The City of Philadelphia’s Department of Licenses and Inspections has issued close to 168 demolition permits since January 2016, which tops annual totals of roughly 114 in 2006 and 98 in 2009. The 2016 demolition count is almost certain to escalate beyond last year’s total of 260 and even the record number of 276 set in 2014. Philadelphia, the first American city to join the Organization of World Heritage Cities, has administered over 2,000 demolitions in the last ten years. Naturally, many have made way for needed investment and improvement. Many can be justified for reasons of safety or nuisance.
However, Philadelphia operates without a citywide survey of historic buildings. As a city, therefore, we can’t ever be sure what we’re losing. And Philadelphia’s Historical Commission protects approximately 10,000 buildings on the Philadelphia Register of Historic Places–barely three percent of the city’s building stock. Without a survey and without strengthened regulatory measures, the city will continue to lose buildings of historic and architectural significance that contribute to the experience of place. (See a map of full demolition permits issued by the City between 2006 and the beginning of June 2016 HERE.)
As I write this article, real estate developers Priderock Capital Group are removing the last pieces of rubble from the demolition site of Whitman’s Chocolates at the head of the Benjamin Franklin Bridge. In place of the entirely adaptable world famous chocolatier’s massive, 110-year-old brick and concrete industrial facility, Priderock will build uninspired dreck–right at a grand entrance to the city. Closer to the river in Old City, the final bits of dust settles from the razing of Wetherill Paint’s, a late 19th century complex near Elfreth’s Alley. South of Washington Avenue, developers Concordia Group and partner Greg Hill are still chiseling away at the ruins of Mt. Sinai Hospital, perhaps the finest building ever to grace the skyline in Pennsport. In Kensington and Fishtown, demolition permits are sought and issued ad nauseum for beautiful churches, old brick and stone factories, warehouses, and industrial workshops. 200-year-old wooden houses built of first-cut timber have been cleared away with almost no protest.
In West Philadelphia, which possesses one of the finest collections of late-19th century residential architecture in the nation, and unprotected, developers have no incentive to repair and restore great buildings. Instead, ham-fisted, they throw up vinyl-clad boxes better suited for the suburban strip. Further out, the same type of uncoordinated urban planning allows the removal of key buildings from the Colonial Germantown Avenue National Historic District, a National Historic Landmark. Because the district is listed on the National Register of Historic Places and not the Philadelphia Register, there are no regulatory protections in place against demolition. In Sharswood, the Philadelphia Housing Authority has found new and innovative ways to justify mass redevelopment with the acquisition and clearing of 372 structures and more than a thousand vacant lots spread across 40 city blocks. The 10-year, half billion-dollar redevelopment that will produce 1,200 units of mixed-income housing was possible because Philadelphia continually under values its historic neighborhoods. Near the Parkway, the City recently approved the demolition of the former Please Touch Museum. The Pompeian brick and Indiana limestone façade will be destroyed for more low density frame housing.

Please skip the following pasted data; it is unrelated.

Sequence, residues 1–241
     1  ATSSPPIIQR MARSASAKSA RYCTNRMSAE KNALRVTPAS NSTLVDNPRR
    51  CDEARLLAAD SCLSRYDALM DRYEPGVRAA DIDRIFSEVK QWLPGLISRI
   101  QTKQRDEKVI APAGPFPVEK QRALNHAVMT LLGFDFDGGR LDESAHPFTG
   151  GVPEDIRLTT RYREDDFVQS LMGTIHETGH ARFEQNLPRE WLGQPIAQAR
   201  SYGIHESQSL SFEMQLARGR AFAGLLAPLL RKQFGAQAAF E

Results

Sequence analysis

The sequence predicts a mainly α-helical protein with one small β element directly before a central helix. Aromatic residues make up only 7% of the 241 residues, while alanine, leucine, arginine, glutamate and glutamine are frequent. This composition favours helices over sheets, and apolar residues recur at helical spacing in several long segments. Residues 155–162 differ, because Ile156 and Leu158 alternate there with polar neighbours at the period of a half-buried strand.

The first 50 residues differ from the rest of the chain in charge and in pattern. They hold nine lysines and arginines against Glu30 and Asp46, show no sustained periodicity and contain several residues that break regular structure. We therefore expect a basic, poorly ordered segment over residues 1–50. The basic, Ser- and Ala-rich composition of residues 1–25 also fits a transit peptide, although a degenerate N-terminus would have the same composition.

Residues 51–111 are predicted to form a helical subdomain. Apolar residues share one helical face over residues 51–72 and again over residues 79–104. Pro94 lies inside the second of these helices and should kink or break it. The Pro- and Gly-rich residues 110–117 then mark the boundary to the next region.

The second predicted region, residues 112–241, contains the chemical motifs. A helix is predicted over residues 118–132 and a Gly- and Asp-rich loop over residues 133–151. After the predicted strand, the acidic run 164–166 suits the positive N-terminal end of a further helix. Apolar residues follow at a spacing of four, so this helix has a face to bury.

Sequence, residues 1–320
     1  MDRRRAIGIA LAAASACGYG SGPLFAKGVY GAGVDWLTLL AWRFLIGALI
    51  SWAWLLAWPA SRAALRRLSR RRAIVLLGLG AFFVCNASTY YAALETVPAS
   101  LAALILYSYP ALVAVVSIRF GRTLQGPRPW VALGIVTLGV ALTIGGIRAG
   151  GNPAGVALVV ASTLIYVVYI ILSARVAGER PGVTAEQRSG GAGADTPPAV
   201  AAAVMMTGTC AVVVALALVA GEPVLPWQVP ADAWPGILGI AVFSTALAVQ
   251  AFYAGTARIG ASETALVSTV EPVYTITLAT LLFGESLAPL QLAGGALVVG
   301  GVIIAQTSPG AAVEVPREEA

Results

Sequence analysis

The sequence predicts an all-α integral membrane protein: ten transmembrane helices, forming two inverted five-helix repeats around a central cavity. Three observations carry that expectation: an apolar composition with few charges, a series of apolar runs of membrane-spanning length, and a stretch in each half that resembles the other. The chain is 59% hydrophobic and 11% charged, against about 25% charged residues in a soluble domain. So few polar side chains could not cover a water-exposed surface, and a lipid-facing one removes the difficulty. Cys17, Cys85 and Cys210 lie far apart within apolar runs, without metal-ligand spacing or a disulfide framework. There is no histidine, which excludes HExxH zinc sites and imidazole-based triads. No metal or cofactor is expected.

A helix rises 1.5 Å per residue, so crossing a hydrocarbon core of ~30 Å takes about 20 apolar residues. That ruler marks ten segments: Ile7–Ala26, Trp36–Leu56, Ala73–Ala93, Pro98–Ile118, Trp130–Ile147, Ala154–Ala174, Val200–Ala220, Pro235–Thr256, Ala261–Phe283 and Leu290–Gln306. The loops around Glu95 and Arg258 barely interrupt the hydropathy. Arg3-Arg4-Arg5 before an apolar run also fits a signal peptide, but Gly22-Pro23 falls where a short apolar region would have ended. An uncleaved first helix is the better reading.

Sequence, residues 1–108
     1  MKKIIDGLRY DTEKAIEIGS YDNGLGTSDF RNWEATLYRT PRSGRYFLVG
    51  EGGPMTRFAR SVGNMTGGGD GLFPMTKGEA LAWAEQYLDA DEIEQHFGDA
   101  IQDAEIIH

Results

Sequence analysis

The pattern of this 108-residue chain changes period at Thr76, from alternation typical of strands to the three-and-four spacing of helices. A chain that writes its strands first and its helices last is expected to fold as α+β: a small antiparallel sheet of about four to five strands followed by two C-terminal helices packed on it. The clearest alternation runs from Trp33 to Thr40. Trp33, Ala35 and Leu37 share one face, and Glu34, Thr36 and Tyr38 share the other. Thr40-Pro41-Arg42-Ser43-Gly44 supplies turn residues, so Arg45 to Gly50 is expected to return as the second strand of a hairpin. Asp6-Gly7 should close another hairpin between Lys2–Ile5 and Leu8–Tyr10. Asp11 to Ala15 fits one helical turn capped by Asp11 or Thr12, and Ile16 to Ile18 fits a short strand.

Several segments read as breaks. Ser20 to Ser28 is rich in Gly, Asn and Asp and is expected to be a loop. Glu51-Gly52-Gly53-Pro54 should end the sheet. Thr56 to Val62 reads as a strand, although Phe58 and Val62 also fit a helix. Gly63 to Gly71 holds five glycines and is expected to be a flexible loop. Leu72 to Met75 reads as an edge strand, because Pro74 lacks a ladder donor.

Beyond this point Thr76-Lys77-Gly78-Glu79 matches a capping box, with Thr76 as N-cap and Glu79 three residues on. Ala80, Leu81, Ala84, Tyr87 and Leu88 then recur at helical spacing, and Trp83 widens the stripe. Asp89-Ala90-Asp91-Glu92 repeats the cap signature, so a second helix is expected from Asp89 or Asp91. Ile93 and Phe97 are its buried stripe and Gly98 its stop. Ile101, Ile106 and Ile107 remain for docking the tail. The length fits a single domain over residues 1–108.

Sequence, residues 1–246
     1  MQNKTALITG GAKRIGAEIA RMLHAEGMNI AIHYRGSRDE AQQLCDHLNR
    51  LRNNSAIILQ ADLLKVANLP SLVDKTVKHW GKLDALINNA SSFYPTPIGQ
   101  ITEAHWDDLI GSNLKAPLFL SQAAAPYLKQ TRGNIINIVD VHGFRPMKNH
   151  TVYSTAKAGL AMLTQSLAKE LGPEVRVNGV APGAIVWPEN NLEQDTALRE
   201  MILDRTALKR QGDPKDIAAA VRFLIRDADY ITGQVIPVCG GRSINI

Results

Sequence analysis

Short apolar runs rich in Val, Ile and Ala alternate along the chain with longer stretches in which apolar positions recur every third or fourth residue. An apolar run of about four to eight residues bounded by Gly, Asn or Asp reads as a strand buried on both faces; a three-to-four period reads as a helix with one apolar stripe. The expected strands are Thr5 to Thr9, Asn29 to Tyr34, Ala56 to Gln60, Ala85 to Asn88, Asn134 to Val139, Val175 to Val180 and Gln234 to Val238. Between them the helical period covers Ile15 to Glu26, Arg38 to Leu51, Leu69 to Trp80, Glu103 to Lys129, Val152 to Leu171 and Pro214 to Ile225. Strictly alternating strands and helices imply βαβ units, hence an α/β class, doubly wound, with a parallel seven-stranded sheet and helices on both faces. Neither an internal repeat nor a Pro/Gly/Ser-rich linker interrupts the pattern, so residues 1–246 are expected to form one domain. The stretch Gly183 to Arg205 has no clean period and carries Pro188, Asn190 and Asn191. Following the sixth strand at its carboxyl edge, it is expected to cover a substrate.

The Top Five Percent
According to data revealed at a recent National Trust for Historic Preservation conference, American cities protect an average of five percent of their building stock. Cities like Charleston, New Orleans, New York City, and Washington, D.C. protect much more than this average. In 2015, the New York City Landmarks Preservation Commission decided to focus preservation efforts on previously ignored sections of the city’s five boroughs. Officials there registered for protection nearly 2,000 buildings–all in one year (Philadelphia registered 30 buildings last year, but only with the substantial effort of advocates, calendaring new nominations at a snail’s pace). More than a quarter of Manhattan is already protected. Washington, D.C. has a swelling list of registered historic properties and a designation hearing schedule with a sizable backlog to boot. Unlike Philadelphia, in that city, building permits expedite designation review. Also, because the municipal government of Washington operates as both a city and a state, all of the properties placed on the National Register of Historic Places are locally protected. In New Orleans, there are roughly 15 local historic districts that encompass most of their NRHP-listed properties. Even Pittsburgh has established an incredible preservation record. In terms of historic preservation, these are progressive preservation practices that Philadelphia can learn from and adopt.
“Demolition delay” or “demolition review,” although a passive solution, is a fairly common procedure that puts a temporary stop to razing an undesignated historic properties and other important buildings and sites in a city for further examination. In Boston, specific areas, including the entire downtown and all buildings over 50 years of age, are subject to demolition review. Cities like Alamo Heights, in Texas, Albany, Boulder, Cambridge, Chicago, Portland (OR), and Denver have controls in place to ensure that undesignated cultural resources are not destroyed without governmental oversight. In Washington, D.C., the Historic Preservation Office reviews all demolition permits, a measure partly taken to ensure that no designated properties are destroyed.